2. Adjust for transportation. Some regions have more efficient land use patterns than other, allowing for more varied transportation options, such as walking, biking and mass transit. As a consequence people in some communities spend a much larger percentage of their income on the cost of owning and operating automobiles without adding to their quality of life. Sprawling development in Virginia detracts from the standard of living. The H&T Index (housing & transportation) attempts to measure this effect. Perhaps there is a way to incorporate it into a more comprehensive quality-of-life measure.
  3. Adjust for time. People assign a monetary value to the time they spend commuting, which is time they could be doing something more productive or enjoyable. Localities vary widely in the amount of time residents burn moving from location to location. The Census Bureau captures this metric and a value assigned to peoples’ time.
  4. Adjust for education. Although government pays for most K-12 education in the United States by means of the public school system, Americans attach a monetary value to the quality of education, as seen by the vast sums they expend on private schools or the premiums they pay to live in better better school districts. Thus, the high quality of schools in, say, Northern Virginia would offset to a significant degree the frustration of longer commutes and higher transportation costs.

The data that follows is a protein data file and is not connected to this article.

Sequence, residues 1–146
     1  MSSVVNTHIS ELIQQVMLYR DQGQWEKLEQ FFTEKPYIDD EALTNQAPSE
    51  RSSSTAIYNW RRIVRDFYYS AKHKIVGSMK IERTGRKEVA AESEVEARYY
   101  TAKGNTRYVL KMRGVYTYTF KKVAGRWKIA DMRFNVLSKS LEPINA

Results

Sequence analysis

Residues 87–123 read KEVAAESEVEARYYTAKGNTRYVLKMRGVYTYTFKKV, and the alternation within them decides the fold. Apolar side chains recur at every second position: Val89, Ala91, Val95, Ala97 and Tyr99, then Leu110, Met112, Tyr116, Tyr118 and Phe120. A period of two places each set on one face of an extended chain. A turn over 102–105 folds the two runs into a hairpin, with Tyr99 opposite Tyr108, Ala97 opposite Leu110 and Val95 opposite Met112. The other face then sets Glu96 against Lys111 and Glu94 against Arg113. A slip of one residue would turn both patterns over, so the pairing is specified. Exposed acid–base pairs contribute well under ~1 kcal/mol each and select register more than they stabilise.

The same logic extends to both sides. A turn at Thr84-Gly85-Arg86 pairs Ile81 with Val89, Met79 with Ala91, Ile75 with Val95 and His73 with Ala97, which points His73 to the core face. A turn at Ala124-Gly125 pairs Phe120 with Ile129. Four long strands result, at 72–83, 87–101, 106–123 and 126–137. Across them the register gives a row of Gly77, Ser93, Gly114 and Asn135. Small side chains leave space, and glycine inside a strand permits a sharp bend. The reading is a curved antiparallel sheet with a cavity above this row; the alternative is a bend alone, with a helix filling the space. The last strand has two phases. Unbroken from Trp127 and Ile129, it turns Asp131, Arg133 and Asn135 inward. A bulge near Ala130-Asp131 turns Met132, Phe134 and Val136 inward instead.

The conversation could be expanded even beyond those measures to include quality-of-life metrics relating to arts, entertainment and culture; the affordability and accessibility of higher education; and the comprehensiveness of the social safety net.

As we think about how to build more prosperous, livable and sustainable communities, it is important to expand the conversation beyond maximizing income, as desirable as that is, to moderating taxes, creating more efficient human settlement patterns, and improving the quality of education, with all the complex trade-offs those objectives entail.

When’s the Last Time a Virginia Governor Proposed a Business Tax Cut?

mcauliffeGovernor Terry McAuliffe announced yesterday a package of tax cut and credit proposals to improve Virginia’s business climate and stimulate economic growth.

A proposed reduction in the corporate income tax rate from 6% to 5.75% would generate nearly $64 million in tax relief for Virginia businesses over two years, while other proposals would create incentives for research and development and early-stage financing, including:

  •  Creation of a new R&D Tax Credit with a $15 million cap to benefit companies spending more than $5 million annual in research spending.
  • Increasing the statewide cap for an existing R&D Tax Credit by $1 million to $7 million.
  • Increasing the cap on Virginia’s Angel Investor Tax Credit by $4 million to $9 million.